Union Legal Action Against Company Ruled Illegal by NLRB

The Nat. Labor Relations Board Jul. 19 ordered the Int’l Ass’n of Bridge, Structural & Ornamental Iron Workers to discontinue efforts to enforce a contract provision requiring all entities — union and nonunion — owned or financially controlled by Elwin G. Smith, Inc., to follow the union contract. The Iron Workers’ effort to obtain summary judgment in U.S. Dist. Court to enforce its anti-dual shop provision in its agreement with the company violates Nat. Labor Relations Act Section 8(e), NLRB decided in modifying an administrative law judge’s decision.

Prior to the last restructuring of the company, the union in 1986 began to complain about a Smith subsidiary subcontracting work to Southwestern Materials & Supply, Inc., a non-union builder, and demanded arbitration. The union filed a petition to compel arbitration and a complaint for damages on Sep. 2, 1986, in the U.S. Dist. Court for the W.Dist. of Pa. The petition sought to require two Smith components and Southwestern to arbitrate applicability of the anti-dual shop to Southwestern’s construction work. The union filed a motion for summary judgment on Jan. 14, 1988, reasserting its position that the employers were obligated to arbitrate applicability of the provision. The court has stayed ruling on the petition and complaint pending completion of the board’s proceeding.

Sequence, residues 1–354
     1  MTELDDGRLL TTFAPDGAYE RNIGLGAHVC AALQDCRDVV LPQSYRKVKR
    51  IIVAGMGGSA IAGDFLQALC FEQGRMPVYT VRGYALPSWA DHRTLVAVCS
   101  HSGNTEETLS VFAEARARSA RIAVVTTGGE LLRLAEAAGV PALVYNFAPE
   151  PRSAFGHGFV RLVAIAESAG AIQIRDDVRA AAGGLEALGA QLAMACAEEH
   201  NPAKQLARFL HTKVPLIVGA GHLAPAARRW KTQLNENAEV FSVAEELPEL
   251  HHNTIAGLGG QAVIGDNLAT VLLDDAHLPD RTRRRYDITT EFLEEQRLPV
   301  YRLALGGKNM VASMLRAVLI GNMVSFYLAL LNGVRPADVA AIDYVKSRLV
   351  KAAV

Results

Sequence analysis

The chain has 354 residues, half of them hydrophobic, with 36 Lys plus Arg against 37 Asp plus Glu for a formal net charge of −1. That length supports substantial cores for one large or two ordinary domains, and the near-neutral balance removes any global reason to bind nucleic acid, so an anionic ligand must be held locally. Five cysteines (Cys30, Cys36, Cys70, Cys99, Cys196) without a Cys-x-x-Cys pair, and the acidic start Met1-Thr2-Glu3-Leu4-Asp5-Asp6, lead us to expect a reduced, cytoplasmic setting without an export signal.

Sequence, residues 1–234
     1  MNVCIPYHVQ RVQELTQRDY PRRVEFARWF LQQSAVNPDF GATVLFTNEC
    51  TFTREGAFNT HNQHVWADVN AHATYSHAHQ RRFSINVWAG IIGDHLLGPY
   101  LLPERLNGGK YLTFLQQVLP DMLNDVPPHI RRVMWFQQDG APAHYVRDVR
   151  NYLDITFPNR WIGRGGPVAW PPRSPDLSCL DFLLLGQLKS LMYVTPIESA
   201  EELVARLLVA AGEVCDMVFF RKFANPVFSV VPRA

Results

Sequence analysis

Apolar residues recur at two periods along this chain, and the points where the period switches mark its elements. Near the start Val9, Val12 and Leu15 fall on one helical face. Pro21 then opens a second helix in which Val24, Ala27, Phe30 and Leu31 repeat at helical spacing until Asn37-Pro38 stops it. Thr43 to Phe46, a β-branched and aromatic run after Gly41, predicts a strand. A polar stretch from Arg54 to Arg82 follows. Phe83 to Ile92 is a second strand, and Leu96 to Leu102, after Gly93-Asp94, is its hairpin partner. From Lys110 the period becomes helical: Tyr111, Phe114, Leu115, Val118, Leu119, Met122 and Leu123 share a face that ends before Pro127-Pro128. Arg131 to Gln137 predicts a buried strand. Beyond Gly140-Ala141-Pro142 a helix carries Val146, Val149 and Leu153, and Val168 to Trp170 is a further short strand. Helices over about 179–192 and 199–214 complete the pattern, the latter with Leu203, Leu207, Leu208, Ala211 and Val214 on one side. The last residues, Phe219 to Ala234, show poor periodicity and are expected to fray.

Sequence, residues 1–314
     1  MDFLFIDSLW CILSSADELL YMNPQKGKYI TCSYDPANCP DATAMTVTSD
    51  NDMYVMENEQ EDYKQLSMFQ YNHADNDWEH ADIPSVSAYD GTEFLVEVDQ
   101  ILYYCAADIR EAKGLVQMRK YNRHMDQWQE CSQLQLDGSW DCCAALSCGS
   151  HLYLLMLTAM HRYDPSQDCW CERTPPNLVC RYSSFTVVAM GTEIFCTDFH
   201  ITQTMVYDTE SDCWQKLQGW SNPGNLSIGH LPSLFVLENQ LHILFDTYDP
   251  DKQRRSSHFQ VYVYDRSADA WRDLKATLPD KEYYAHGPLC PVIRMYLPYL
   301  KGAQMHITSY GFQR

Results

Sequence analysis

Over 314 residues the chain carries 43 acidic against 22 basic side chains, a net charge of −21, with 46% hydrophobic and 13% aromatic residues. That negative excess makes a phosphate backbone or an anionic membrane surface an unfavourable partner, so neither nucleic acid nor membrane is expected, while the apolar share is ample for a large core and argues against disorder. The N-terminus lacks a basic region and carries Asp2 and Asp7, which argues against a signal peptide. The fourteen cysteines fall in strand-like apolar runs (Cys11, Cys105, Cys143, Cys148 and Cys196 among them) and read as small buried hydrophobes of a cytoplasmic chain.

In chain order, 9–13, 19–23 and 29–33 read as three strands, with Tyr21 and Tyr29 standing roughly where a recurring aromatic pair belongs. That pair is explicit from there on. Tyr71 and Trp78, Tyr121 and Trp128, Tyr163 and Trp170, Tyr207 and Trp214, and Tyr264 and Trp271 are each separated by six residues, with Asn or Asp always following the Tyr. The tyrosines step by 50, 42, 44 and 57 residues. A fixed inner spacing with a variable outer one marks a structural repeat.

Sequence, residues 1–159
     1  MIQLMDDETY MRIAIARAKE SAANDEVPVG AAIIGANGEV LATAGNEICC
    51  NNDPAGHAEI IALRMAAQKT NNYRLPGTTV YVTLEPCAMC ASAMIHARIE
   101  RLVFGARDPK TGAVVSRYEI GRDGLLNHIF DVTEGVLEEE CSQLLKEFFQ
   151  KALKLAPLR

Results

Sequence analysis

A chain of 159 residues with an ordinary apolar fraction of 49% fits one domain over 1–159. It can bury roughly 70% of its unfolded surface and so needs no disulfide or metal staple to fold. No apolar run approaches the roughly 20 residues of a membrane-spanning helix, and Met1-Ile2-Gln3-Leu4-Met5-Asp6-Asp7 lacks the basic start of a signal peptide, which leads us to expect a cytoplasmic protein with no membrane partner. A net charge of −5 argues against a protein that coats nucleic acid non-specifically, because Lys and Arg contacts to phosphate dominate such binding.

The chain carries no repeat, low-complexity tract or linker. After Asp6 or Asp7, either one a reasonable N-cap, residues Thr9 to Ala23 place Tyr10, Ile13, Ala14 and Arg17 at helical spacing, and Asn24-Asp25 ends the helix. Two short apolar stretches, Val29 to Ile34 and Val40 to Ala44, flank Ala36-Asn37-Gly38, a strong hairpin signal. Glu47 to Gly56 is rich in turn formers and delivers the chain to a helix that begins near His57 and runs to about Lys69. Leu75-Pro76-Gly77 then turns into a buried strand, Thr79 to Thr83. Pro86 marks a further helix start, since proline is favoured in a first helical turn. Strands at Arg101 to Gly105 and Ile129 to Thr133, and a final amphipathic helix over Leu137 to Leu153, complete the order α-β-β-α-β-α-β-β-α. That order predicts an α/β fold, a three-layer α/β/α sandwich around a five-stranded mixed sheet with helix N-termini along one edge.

Addressing the merits of the case, NLRB said anti-dual shop provision requires contract application to work under the union’s jurisdiction that is performed by Smith or an entity owned or controlled by Smith. This clause requires that the contract be extended to affiliated entities, including those over which Smith does not control assignment of work. The fact that the signatory employer owns another business does not necessarily mean the signatory employer has control over assignment of work in that other entity, according to NLRB. “Thus, the clause is not limited to addressing the labor relations of the contracting employer vis-a-vis its own employees, but instead seeks to regulate the labor policies of other, neutral employers — an objective that is clearly secondary,” NLRB said. [BNA 8/10/99]